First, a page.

Secrets for published notebooks?

Secrets work really well for private notebooks. It would be great to have an equivalent for public and shared notebooks so they can also access APIs, databases, etc. Similar to config files or environment variables for typical web apps.

Forgive me if I missed something - it looks like the only way to share notebooks that use secrets, right now, is to add the recipient to our team (which then shares all our notebooks). And no solution I can see for a public notebook.

Thanks for building such a great product!


Hi @msb,

The problem is that public and shared notebooks are public — anyone who visits them would be able to read (and therefore, steal) your secret.

If you want to list a bunch of shared configuration variables, so that you can use them in many different notebooks, but they aren’t actual secrets, and you don’t mind publishing them, I would recommend simply creating a “config” notebook that you can import values from. Like so:

Then, in my other notebooks, I can:

import {PUBLIC_API_KEY} from "@jashkenas/config"

… but your overall point is still well taken. We’ll discuss adding a public version of the Secrets UI, that can be used for public and non-sensitive values.


As a workaround for API keys you could create a proxy server on that injects the key into the request. The key can be stored in an .env file which will only be visible to you (read more about private/public projects here).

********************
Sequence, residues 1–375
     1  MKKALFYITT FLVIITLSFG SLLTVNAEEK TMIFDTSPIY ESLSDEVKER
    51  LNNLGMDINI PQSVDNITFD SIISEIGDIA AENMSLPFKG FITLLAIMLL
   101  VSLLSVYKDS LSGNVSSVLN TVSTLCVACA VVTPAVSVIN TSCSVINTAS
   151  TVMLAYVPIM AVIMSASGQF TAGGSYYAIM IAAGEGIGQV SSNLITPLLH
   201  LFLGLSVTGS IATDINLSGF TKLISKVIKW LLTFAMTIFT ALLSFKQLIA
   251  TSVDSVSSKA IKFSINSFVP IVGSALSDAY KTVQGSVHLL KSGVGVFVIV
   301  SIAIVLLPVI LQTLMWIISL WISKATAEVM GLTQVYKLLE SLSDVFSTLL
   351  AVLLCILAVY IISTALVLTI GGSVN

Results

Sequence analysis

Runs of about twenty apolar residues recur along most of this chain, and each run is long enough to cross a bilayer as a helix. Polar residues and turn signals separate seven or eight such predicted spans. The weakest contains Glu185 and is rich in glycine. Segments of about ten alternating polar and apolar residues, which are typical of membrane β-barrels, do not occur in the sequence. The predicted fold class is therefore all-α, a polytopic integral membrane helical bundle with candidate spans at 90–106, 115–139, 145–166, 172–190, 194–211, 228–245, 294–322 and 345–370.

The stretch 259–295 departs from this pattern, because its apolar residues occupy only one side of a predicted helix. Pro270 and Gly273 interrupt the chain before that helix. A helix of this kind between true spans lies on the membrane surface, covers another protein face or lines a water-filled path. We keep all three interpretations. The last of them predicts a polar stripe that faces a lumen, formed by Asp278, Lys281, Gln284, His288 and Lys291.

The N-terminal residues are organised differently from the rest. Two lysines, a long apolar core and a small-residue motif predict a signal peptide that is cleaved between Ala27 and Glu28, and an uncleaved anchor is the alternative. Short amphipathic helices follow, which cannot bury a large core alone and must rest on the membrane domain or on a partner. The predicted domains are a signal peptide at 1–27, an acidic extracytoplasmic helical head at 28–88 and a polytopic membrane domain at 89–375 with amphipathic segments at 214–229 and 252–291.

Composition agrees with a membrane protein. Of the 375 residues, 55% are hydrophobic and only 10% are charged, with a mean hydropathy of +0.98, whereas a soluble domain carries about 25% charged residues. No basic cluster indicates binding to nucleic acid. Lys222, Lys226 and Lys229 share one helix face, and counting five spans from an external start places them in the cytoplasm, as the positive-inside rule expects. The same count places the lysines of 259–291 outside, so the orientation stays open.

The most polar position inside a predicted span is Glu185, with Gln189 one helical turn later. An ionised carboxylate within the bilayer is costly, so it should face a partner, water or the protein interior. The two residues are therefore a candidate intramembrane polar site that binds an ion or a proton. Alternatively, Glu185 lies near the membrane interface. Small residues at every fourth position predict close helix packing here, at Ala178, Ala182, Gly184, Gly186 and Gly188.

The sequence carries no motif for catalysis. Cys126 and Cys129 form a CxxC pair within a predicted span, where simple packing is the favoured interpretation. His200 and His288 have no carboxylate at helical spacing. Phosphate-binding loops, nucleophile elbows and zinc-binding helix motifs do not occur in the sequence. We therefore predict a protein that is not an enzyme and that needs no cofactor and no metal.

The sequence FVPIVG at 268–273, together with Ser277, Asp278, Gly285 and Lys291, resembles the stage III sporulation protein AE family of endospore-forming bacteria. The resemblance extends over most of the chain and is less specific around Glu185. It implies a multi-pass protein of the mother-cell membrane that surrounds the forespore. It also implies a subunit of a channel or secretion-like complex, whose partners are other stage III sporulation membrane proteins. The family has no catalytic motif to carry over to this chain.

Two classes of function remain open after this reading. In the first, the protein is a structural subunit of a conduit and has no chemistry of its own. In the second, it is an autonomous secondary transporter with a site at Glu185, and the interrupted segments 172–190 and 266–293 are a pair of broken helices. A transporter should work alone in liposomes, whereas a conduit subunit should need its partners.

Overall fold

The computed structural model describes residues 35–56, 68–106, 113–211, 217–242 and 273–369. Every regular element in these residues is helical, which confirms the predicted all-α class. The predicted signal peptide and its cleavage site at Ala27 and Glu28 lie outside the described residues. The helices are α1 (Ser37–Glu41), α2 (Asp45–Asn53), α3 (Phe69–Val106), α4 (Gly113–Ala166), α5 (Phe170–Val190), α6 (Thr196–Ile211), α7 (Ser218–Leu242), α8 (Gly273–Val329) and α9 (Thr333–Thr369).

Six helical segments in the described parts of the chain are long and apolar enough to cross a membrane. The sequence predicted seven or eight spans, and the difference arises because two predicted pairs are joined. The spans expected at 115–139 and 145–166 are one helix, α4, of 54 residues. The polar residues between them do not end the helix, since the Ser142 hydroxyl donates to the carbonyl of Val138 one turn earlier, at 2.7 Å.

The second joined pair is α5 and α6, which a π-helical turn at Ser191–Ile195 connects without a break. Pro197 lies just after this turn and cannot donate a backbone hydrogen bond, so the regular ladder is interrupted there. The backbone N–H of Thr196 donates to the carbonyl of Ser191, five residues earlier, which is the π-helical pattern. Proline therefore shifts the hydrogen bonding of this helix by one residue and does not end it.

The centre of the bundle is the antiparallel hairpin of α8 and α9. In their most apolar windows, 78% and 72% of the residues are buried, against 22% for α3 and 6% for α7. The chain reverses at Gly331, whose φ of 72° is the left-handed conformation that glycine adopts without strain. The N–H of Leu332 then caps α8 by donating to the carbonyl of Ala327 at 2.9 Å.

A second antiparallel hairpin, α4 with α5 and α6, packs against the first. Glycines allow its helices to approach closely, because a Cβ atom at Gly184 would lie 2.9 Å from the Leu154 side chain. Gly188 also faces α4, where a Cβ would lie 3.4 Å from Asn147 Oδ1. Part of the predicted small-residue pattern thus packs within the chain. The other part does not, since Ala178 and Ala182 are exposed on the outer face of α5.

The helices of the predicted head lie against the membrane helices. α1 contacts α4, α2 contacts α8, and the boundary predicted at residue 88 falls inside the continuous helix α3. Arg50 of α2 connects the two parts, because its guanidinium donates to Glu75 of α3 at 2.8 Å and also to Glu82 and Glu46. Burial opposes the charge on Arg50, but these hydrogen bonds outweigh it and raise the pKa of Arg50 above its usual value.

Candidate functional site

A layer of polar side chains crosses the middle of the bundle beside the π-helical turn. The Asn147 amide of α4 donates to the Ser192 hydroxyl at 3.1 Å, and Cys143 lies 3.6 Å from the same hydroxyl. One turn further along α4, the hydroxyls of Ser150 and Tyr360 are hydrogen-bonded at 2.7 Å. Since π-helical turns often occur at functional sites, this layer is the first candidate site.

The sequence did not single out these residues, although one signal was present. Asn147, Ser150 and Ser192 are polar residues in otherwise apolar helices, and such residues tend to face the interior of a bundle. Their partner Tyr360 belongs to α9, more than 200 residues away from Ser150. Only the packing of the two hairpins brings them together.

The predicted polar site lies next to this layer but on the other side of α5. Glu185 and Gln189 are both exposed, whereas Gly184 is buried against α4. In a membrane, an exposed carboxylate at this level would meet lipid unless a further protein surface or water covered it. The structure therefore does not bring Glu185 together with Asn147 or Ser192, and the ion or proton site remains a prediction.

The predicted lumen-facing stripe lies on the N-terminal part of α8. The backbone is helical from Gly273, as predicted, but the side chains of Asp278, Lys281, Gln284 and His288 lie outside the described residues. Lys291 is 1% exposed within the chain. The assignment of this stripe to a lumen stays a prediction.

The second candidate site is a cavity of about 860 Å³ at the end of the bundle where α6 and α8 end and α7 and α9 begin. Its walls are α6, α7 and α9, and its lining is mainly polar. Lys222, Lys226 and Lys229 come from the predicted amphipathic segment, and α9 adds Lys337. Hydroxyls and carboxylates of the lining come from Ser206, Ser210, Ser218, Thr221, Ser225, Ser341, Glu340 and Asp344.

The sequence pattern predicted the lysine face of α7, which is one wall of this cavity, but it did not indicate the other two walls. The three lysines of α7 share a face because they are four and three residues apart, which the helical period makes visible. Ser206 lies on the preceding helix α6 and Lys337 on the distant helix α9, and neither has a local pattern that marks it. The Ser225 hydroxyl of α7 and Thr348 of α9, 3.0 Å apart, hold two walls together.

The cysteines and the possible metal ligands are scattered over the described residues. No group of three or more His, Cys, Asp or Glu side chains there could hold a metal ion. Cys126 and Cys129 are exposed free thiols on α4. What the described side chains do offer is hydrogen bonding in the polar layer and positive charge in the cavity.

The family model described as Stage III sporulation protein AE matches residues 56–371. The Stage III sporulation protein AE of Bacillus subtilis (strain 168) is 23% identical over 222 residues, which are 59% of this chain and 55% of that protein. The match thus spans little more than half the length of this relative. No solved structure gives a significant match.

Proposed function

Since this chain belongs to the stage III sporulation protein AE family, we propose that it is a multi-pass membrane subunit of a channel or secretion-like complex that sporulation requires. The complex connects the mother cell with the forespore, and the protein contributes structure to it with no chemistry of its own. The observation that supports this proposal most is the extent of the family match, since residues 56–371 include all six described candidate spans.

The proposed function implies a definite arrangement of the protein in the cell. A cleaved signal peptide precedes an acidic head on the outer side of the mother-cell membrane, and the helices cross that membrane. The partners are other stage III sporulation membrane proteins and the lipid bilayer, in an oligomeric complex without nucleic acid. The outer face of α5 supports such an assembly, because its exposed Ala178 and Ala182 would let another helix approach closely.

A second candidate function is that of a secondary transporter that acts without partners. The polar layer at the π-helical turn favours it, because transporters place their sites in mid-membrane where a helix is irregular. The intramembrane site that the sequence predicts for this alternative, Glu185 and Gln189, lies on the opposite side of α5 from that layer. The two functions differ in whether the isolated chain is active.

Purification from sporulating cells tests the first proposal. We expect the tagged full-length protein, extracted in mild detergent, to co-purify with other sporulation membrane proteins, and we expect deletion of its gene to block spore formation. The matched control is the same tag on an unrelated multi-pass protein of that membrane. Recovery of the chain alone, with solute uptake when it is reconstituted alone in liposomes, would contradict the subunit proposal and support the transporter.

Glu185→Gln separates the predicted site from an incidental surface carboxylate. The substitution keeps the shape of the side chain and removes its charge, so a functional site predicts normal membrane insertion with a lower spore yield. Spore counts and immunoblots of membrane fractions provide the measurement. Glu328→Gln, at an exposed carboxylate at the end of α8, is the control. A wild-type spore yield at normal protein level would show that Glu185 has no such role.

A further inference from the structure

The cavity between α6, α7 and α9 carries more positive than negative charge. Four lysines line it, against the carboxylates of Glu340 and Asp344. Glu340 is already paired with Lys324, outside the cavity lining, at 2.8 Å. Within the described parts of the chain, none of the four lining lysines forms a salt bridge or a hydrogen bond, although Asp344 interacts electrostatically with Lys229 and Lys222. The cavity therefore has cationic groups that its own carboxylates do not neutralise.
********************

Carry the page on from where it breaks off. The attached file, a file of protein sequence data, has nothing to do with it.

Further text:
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If you add it, please also add a big fat warning about public access of “secrets”. Many people are oblivious to the fact that anything that runs clientside (without an authentication layer) should be considered publicly accessible (e.g., I observed similar misconceptions in Nuxt.js issues).

Definitely. The difference between Secrets and Public Environment Variables would need to be crystal clear.

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Thank you @jashkenas and @mootari for the quick replies!

Totally see your point from a tech standpoint.

Just thinking out loud, here are a few product ideas that may address the need:

  1. User-level notebook sharing. For internal sharing (within my org), I’m not worried about secrets - esp if they are not readily accessible via the Observable UI - but don’t want everyone to be able to see every notebook.
  2. Rendered views. For external sharing, a static view of a notebook would be better than nothing.
  3. Server-side cells. Probably a crazy idea, but it would be awesome to have a general form of @mootari’s suggestion available directly in Observable. Rather than setting up a proxy server somewhere else, you could just tag a cell / function to run on the server. It would be writable only by the notebook author + editors and would not have access to the client-side scope. Maybe too big a hammer for this particular problem, but just an idea :slight_smile: